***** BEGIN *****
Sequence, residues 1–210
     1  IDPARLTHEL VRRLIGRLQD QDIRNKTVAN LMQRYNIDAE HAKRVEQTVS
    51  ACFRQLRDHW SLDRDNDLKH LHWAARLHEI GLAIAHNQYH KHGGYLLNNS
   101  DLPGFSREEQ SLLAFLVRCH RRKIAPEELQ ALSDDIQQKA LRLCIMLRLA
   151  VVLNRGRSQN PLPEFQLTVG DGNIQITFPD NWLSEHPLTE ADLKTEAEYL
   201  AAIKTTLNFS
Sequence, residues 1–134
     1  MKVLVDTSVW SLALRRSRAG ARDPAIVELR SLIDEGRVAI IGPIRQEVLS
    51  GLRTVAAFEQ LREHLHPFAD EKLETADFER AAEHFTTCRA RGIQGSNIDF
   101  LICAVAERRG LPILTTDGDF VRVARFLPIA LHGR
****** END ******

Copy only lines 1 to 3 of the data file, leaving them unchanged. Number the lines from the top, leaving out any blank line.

Sequence, residues 1–210
     1  IDPARLTHEL VRRLIGRLQD QDIRNKTVAN LMQRYNIDAE HAKRVEQTVS
    51  ACFRQLRDHW SLDRDNDLKH LHWAARLHEI GLAIAHNQYH KHGGYLLNNS